With one week down and three weeks to go teaching in Peking University’s MBA program in Beijing, I finally laid eyes on what I had been waiting to see. It wasn’t the Great Wall, Tiananmen Square or Olympic Park. It was the minyan for the lay-led Shabbat service held in Beijing’s bustling Chaoyang District. I had found the other wandering Jews. And for the first time since I had flown 8,000 miles from New York, I felt like I was home.
As I took my seat in the community room, I planned to sing every Shabbat song that I rush through (read: skip) on Friday nights at home. My kids, husband and I are always too hungry/tired for the whole shebang. But here, I was going to belt out the Extended Play versions of “Veshamru” and “Shalom Aleichem.” I wanted to thank God for my safe journey, for protecting my family and for my Jewish community back home that had extended a month’s worth of Shabbat invitations to my husband and kids.
Oh yes, I was going to sing it. But then I began to cry.
I was overwhelmed from a week of being bombarded by a language I couldn’t speak, understand or read. I was overwhelmed by confusing social customs (spitting!) and restrictive choices (squat toilets or bust). I was out of place, out of my comfort zone and functionally and culturally illiterate.
I wasn’t crying because of that. I was crying because, as the first familiar strains of Shabbat songs left my trembling lips, I realized that I knew how to be Jewish anywhere. And having spent the first two decades of my life as a functionally and culturally illiterate Jew, this was no laughing matter.
Despite the fact that, in my professional life, I am a speaker and consultant for scores of nonprofit Jewish organizations, I never felt Jewish enough. Sure, I lead workshops on Moses’ leadership style and apply Pirkei Avot to strategic planning. But I was raised with neither formal nor informal Jewish education, and it wasn’t until I was 22 that I chose to embrace my roots.
Just like I found my first week in China overwhelming, I found myself completely overwhelmed by Judaism back then. Learning to feel Jewish was like trying to scale the Great Wall — insurmountable, enormous, endless. I was confronted by Hebrew, a language I couldn’t speak, understand or read. I was living in a culture that had confusing social customs (where, at my first shiva, I mistakenly sat in the low seat reserved for the mourner, and got nasty looks) and restrictive choices (wait — a BLT is O-U-T?). I was out of place, out of my comfort zone, functionally and culturally illiterate.
Even at synagogue today, as I struggle reading prayers, I wonder, “Am I Jewish enough yet?” At every holiday, when my father-in-law reminds us “so, the tradition is…,” I know that I am the only one at the table who really needs reminding.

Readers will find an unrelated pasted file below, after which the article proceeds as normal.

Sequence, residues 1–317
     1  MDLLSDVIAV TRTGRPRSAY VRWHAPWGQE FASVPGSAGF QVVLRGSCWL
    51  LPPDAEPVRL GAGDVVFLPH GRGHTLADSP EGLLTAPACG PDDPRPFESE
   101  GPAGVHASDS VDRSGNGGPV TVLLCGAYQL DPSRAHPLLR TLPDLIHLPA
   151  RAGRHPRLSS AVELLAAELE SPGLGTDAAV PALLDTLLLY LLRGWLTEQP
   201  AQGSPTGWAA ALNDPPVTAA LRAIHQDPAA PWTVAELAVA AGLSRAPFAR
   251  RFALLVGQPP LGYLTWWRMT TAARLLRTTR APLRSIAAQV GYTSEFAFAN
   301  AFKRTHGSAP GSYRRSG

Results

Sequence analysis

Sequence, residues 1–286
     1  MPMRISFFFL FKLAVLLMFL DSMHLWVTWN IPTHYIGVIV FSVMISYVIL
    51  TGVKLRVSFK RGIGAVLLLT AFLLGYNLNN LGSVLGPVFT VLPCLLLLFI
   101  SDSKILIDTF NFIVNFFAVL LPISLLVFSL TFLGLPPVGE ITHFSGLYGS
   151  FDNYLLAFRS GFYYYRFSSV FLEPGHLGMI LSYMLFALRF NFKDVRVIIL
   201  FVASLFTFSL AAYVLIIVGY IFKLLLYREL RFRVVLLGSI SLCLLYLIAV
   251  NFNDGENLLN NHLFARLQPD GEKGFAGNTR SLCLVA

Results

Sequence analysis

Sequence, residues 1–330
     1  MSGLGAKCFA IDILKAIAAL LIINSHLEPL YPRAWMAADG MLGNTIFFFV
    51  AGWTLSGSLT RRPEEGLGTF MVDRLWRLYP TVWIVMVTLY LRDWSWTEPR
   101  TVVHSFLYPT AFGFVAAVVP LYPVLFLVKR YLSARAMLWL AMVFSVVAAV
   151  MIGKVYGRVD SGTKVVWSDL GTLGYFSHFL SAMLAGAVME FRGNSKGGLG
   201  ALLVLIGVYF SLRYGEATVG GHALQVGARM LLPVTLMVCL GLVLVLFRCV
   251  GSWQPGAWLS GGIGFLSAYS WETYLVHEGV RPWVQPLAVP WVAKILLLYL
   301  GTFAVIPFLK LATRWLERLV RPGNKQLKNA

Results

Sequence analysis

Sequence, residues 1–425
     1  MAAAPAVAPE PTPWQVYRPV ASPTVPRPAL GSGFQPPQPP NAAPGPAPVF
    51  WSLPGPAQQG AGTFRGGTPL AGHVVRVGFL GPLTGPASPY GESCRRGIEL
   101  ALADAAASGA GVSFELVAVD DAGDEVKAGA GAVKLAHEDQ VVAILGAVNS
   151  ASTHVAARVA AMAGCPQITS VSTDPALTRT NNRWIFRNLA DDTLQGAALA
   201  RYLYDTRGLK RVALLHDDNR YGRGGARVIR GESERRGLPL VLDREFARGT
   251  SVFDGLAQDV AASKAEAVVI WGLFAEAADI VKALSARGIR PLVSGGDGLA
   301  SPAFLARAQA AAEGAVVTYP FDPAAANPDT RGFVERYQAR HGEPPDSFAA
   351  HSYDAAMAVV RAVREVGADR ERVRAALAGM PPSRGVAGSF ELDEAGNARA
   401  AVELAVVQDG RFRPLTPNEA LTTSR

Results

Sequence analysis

As a self-diagnosed know-it-all, I struggle daily to live in a Jewish world where I feel like a foreigner — a phony native. It’s all relative, I realize. While I know more than my parents know, I know less than my 9-year old twins do, who, by fourth grade at their Solomon Schechter day school, devour Torah like I devoured Judy Blume, bedeck themselves for Purim like I did for Halloween, and understand everything my husband Michael says to them in Hebrew when, I suspect (hope!), that they are planning to surprise me with an iPad. (Bevakasha, guys?)
But when I helped my son Jacob with his Hebrew, I realized that something was sticking. When I pointed out, “Look again, it’s a raysh, not a daled,” Jacob’s jaw dropped in wonder.
“How did you know that?” he asked, stunned. “I just did. Try it again.” I brushed it off, acting like it was no big deal. It was.
So here I was in China, culturally and functionally illiterate in the eyes of its 1.3 billion citizens. I couldn’t summon medical help, police intervention or, frustratingly, a bottle of non-carbonated water. But I could say “no meat” in Mandarin, find the local Jewish community, and even knew where the one kosher restaurant was, in case a schnitzel craving hit. These small acts made me feel Jewish enough.
And apparently, I knew how to sing the songs people sing to say thank you on Shabbat. Not just any people — my people. As I crooned (and wept), praying to a God I’m getting to know, and feeling like I belonged, I realized that my personal Great Wall wasn’t too big to climb. Even as I celebrate my monumental achievement, and look forward to the miles of the journey ahead, I know that I am already Jewish enough.
Deborah Grayson Riegel is a life coach, trainer and speaker. Her column, “Success without the Tsuris,” appears on The Jewish Week website (www.thejewishweek.com).